"I think it's obvious that until the president decides he can sign something -- or something is presented to him -- that we are where we are," said Sen. Pat Roberts, R-Kan.
At the heart of the stalemate is Trump's demand for $5 billion in funding for his proposed wall at the U.S.-Mexico border.
Congressional Democrats have rejected that figure and in recent weeks have refused to publicly endorse a figure above $1.3 billion, which continues existing funding levels and includes money for new border fencing and levee walls, but not the concrete wall Trump once demanded before he started more recently talking about "steel slats."
Legislation with that level of funding, which would have kept the entire government open through Feb. 8, passed the Senate unanimously last week, but Trump subsequently rejected it.
Mulvaney said Friday that "some folks use the term 'wall' and they mean different things."
"Everyone agrees that what we can and should be building on that southern border is that steel barrier that the president tweeted out. That's what he wants to build. The Democrats, believe it or not, don't call that a wall," he said.
ATTRACTIONS TO CLOSE
As the shutdown drags on, museums and galleries popular with visitors and locals in the nation's capital will close starting midweek. So will the National Zoo and a lively ice rink near the National Mall.
The attractions have stayed open by using unspent funds, but they are about to run out of that money.
Museums and galleries under the Smithsonian Institution umbrella will close starting Wednesday, the Smithsonian said on its website.
That includes the zoo, as well as the National Air and Space Museum, the National Museum of African American History and Culture, the National Museum of Natural History, and several galleries, including the National Portrait Gallery, with its paintings of former presidents.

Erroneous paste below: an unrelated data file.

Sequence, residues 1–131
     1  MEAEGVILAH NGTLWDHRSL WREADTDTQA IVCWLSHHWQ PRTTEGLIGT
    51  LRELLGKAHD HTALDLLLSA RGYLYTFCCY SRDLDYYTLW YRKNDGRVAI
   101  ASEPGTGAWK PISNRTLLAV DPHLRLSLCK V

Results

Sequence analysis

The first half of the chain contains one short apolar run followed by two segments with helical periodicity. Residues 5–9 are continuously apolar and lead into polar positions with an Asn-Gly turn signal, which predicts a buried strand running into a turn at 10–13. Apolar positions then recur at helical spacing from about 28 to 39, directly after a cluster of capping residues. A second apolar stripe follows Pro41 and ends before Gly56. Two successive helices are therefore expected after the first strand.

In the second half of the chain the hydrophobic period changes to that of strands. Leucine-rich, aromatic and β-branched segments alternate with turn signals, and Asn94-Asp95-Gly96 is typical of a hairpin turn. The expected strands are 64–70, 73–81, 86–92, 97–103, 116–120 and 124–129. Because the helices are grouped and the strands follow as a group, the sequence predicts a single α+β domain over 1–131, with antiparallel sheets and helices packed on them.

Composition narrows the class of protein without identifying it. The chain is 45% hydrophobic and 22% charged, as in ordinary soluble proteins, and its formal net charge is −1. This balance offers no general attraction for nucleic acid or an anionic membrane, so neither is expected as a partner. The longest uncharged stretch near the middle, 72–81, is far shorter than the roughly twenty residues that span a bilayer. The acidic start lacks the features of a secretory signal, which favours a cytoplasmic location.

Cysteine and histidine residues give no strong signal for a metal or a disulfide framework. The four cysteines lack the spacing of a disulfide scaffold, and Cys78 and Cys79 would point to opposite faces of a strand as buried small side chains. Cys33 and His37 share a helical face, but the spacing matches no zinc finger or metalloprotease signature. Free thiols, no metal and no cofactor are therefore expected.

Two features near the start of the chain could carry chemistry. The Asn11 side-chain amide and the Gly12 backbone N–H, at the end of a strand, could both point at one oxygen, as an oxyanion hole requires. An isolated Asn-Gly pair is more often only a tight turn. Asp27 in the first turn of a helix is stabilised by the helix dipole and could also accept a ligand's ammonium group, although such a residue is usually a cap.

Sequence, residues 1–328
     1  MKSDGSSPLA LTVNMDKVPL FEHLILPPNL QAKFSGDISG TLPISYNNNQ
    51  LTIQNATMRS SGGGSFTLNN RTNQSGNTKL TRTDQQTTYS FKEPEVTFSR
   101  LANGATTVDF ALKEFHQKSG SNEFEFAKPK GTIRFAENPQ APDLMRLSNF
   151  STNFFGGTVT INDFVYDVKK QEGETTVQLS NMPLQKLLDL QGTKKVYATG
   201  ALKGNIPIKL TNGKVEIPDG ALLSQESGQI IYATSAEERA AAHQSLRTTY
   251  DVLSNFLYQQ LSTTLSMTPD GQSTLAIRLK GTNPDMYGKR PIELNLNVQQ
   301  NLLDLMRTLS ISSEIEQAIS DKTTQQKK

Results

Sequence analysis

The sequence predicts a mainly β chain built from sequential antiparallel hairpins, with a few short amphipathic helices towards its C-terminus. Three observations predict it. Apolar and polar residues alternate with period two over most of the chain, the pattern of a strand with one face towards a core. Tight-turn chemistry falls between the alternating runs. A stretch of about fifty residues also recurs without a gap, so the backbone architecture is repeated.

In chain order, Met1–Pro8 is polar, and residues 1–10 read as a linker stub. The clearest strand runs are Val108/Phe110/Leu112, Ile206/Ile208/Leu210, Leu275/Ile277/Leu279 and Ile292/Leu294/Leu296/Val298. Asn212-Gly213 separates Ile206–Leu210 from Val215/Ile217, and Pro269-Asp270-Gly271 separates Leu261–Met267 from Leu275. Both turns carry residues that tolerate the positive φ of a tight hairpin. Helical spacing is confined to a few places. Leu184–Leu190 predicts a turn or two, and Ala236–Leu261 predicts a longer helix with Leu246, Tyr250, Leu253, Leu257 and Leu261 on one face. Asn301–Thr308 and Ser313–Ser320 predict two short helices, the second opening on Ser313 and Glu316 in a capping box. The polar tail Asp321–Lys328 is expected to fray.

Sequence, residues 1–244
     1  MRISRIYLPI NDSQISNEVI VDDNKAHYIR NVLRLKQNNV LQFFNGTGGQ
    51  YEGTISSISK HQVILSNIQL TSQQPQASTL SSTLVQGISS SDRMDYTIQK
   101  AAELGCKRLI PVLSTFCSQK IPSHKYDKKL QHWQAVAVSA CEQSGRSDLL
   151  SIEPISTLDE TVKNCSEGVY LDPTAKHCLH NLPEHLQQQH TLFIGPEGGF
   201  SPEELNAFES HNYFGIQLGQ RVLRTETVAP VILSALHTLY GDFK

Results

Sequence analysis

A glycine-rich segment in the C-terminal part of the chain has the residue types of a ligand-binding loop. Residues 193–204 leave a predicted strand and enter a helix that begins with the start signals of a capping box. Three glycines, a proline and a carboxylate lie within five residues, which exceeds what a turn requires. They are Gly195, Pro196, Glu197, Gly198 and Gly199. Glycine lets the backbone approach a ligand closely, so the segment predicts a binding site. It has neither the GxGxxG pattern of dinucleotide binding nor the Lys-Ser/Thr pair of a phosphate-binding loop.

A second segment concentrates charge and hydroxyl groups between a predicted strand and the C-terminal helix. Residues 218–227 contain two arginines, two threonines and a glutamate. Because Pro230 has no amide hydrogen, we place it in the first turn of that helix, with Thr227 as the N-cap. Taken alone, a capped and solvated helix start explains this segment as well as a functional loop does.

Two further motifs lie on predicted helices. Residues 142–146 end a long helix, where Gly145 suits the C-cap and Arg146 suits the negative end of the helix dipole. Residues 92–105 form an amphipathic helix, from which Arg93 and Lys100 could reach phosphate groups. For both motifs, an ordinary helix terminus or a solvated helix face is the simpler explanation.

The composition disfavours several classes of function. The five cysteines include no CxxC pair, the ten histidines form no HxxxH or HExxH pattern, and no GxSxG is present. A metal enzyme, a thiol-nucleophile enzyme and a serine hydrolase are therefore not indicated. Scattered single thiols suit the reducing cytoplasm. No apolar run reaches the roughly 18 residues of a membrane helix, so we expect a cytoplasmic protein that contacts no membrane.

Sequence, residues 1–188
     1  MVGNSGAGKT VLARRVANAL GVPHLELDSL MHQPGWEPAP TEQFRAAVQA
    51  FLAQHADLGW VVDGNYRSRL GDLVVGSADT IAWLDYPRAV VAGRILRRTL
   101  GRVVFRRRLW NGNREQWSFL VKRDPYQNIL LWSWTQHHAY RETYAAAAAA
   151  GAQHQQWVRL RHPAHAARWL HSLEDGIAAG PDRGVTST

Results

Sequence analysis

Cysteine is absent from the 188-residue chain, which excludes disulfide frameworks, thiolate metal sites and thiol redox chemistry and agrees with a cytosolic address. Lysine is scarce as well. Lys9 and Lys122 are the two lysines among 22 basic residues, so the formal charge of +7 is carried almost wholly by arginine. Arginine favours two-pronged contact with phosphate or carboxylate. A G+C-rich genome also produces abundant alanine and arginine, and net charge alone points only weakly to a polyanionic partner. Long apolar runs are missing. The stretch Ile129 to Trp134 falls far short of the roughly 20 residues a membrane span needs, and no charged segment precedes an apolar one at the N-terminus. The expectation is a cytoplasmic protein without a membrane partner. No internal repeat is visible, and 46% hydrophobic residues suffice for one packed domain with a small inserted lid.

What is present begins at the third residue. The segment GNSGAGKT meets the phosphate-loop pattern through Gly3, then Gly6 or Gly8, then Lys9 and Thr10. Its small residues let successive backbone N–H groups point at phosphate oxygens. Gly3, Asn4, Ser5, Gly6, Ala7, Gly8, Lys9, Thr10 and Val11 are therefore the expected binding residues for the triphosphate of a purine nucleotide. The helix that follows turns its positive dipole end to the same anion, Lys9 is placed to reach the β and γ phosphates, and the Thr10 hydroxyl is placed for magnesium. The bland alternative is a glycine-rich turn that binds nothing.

Smithsonian facilities are open Tuesday.
The National Gallery of Art will close starting Thursday, a spokesman said. That includes the iconic West and East buildings as well as an ice rink in the National Gallery of Art Sculpture Garden that is a favorite with families.
National Gallery of Art facilities are usually closed on New Year's Day.
The shutdown also is affecting national parks, although unevenly. Some remain accessible with bare-bones staffing levels, some are operating with money from states or charitable groups, and others are locked off.
Information for this article was contributed by Felicia Sonmez, Erica Werner, Paul Kane and Mary Beth Sheridan of The Washington Post; by Terrence Dopp, Alyza Sebenius, Anna Edgerton and Erik Wasson of Bloomberg News; and by Zeke Miller, Jill Colvin, Lisa Mascaro, Juliet Linderman and staff members of The Associated Press.
Workers take down Christmas decorations at the White House on Friday. Aides said President Donald Trump was at the White House holding meetings and making calls. Office of Management and Budget Director Mick Mulvaney said that Trump had “canceled his plans for Christmas, and now he’s canceled his plans for New Year’s.”
A corridor near the U.S. Senate chamber is closed off as the partial government shutdown continues. Museums and galleries at the nation’s capital will start closing in the middle of next week as funds run out.
A Section on 12/29/2018
Print Headline: Trump tweets threat to shut down border